Underrated LGBTQ-themed series Cucumber and Banana is coming back from the dead after its initial short-lived run on Logo in 2015.

This time, it’ll be in the form of an American reimagining, helmed by way-melodramatic mastermind Shonda Rhimes and Russell T. Davis (the original showrunner and the creator of Queer As Folk).

Here’s a trailer of the original version of the show to whet your appetite:

Sophia Coppola admits it: She made the Civil War film The Beguiled to appeal to both women and gay men. And she fully expects us to do our part in sexually objectifying Colin Farrell.

“My people!” she tells Vulture. “I really made this movie for my gay men friends. And for my women friends! I have a friend, Fabrizio [Viti], who’s a shoe designer, and he really pushed me to embrace the idea of objectifying a man’s body. He was my tutor in that.”

The film stars Farrell as a Yankee soldier who unfailingly stirs up lusty desires in men and women. She says Farrell ” knew the story, and I respect that he’s man enough to take on that role.”

“He’s confident enough to let women be in charge and be here for that, so I thought it was cool that he totally got it and had a good sense of humor.

At one point we were shooting stills for a calendar where he was gardening, and he was giving it to us. He was covered in water, doing all this hunk stuff. Oh, he milked it.”

This looks darkly delightful:

“This is going to be in the press, and it will be horrible… When was the last time an actor assassinated a President?”

That’s from Johnny Depp, speaking at the UK’s Glastonbury Festival and making a statement that he knew would ruffle some feathers and combovers.

As CNN reports, the White House responded with one of Trump’s compulsory rhetorical tics — “Sad” — in a statement:

“President Trump has condemned violence in all forms and its sad that others like Johnny Depp have not followed his lead. I hope that some of Mr. Depp’s colleagues will speak out against this type of rhetoric as strongly as they would if his comments were directed to a democrat elected official.”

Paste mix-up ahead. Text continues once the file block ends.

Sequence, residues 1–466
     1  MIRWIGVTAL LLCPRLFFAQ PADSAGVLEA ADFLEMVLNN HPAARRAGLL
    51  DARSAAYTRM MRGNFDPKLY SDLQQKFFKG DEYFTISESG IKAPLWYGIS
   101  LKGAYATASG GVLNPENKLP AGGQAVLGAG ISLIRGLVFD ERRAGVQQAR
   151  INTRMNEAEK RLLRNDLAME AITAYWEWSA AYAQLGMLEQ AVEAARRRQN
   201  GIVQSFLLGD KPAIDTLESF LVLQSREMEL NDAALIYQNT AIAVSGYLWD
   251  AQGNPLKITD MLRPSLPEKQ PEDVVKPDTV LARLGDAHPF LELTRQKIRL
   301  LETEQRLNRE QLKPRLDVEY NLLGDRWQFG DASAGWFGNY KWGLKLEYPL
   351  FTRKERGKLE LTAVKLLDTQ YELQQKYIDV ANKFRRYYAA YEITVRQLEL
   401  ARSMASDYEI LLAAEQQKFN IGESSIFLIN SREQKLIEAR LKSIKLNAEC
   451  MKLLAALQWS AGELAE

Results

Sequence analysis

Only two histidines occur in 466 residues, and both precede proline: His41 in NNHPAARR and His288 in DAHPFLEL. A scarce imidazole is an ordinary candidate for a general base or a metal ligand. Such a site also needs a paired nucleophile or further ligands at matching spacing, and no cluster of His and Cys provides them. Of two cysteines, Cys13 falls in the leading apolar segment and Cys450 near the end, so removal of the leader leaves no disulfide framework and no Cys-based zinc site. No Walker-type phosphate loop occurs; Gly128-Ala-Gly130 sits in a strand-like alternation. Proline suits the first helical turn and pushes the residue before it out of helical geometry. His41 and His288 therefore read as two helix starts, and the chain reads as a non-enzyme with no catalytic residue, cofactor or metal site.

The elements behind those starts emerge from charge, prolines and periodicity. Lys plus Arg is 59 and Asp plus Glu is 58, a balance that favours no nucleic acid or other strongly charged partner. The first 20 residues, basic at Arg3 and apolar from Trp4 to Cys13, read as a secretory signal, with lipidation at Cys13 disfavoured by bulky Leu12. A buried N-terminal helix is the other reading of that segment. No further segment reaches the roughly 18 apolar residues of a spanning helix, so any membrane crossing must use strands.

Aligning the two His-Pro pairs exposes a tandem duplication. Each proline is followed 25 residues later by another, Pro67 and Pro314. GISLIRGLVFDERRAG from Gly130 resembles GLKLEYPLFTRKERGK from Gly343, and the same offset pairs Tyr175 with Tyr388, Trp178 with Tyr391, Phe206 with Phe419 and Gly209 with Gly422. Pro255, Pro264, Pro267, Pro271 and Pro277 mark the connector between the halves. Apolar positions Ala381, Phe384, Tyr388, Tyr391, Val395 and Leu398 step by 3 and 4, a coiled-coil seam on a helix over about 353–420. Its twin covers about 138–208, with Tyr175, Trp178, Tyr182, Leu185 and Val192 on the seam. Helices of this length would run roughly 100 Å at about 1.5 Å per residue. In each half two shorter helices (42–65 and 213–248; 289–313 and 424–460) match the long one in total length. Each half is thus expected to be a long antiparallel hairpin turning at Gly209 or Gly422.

Incidentally, the answer is actor John Wilkes Booth, who assassinated Abraham Lincoln in 1865.

Gaygasp-induding model/math teacher Pietro Boselli is lengthily interviewed by self-consciously luxe magazine Wonderland this month, where he opens up about the universal challenges of being adored for your sculpted physique as well as your PhD in mechanical engineering:

“Engineering is obviously a passion of mine, and I have dedicated so much time to it. I definitely want to go back to it, I feel like both the careers I have had, academic and the modeling one, are part of who I am. I grew up into modeling, so it’s something I enjoy. I never had enough time to dedicate to this [modeling] during my PhD. So now for me it’s the time to explore this and also to make some money that then I could invest into my ideas and engineering, which I have plenty of ideas for. I’d like to eventually have my own engineering firm, a firm that’s creative, a hub where people can create new inventions.”



It’s an oldie-but-goody that we thought we’d throw in as Pride month wraps up: The instant-classic vid from Funny or Die will school you in all the new hankie codes — and all the new rules happen to rhyme so you’ll remember. Now we’re gonna go ahead and watch it for the 2,392 time ourselves.


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